Let the word of Christ dwell in you richly, teaching and admonishing one another in all wisdom, singing psalms and hymns and spiritual songs, with thankfulness in your hearts to God.
Colossians 3:16 ESV
What does it mean to admonish one another?
ADMON’ISH, v.t. L. admoneo, ad and moneo, to teach, warn, admonish. (Definitions from Webster’s American Dictionary of the English Language, 1828.)
1. To warn or notify of a fault; to reprove with mildness.
Count him not as an enemy, but admonish him as a brother. 2Thess. 3.
2. To counsel against wrong practices; to caution or advise.
Admonish one another in psalms and hymns. Col. 3.
3. To instruct or direct.
Moses was admonished of God, when he was about to make the tabernacle. Heb. 8.
4. In ecclesiastical affairs, to reprove a member of the church for a fault, either publicly or privately; the first step of church discipline. It is followed by of, or against; as, to admonish of a fault committed, or against committing a fault. It has a like use in colleges.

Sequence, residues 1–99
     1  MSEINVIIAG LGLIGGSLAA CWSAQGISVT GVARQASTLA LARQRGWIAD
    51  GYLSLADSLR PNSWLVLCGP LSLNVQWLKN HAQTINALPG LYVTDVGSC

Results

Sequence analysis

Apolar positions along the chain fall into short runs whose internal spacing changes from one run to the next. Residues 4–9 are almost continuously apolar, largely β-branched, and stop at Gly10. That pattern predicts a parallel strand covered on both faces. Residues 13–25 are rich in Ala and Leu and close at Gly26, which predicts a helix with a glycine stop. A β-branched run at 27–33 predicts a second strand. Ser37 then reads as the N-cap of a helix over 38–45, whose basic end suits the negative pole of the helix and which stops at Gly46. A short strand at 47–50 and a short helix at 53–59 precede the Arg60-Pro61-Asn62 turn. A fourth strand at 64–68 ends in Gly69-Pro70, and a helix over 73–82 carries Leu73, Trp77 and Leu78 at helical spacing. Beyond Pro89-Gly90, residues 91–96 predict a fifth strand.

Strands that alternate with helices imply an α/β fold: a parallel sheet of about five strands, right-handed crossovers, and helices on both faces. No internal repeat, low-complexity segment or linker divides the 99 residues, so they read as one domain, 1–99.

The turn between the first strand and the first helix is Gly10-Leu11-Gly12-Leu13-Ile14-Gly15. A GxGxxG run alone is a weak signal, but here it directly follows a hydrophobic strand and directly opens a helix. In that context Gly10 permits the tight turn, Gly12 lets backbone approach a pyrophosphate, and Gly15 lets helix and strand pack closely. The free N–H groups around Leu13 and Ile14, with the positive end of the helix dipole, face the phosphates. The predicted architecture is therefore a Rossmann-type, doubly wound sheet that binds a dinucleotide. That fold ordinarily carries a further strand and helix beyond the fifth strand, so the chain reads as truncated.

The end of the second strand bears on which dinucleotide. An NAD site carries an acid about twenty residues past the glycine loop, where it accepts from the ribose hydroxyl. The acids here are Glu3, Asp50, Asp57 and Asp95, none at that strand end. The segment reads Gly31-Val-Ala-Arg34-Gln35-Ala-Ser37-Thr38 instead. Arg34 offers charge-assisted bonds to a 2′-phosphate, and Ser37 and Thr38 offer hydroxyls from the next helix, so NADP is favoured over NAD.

When we look over these definitions, we may not feel encouraged. But I believe that is because our perspectives are skewed on God’s purpose for our lives. His goal is to transform us into the likeness of His son, Jesus. It is to bring glory and honor to Him in how we conduct our lives. And it is to share the gospel truth with those in our lives, compelling them to accept the grace He extends to us all.
How can we inspire and motivate one another to these goals and help each other do the hard work of yielding our lives to God?
How do we learn to:
Remain faithful through the hard
Go to battle over our thoughts and take them captive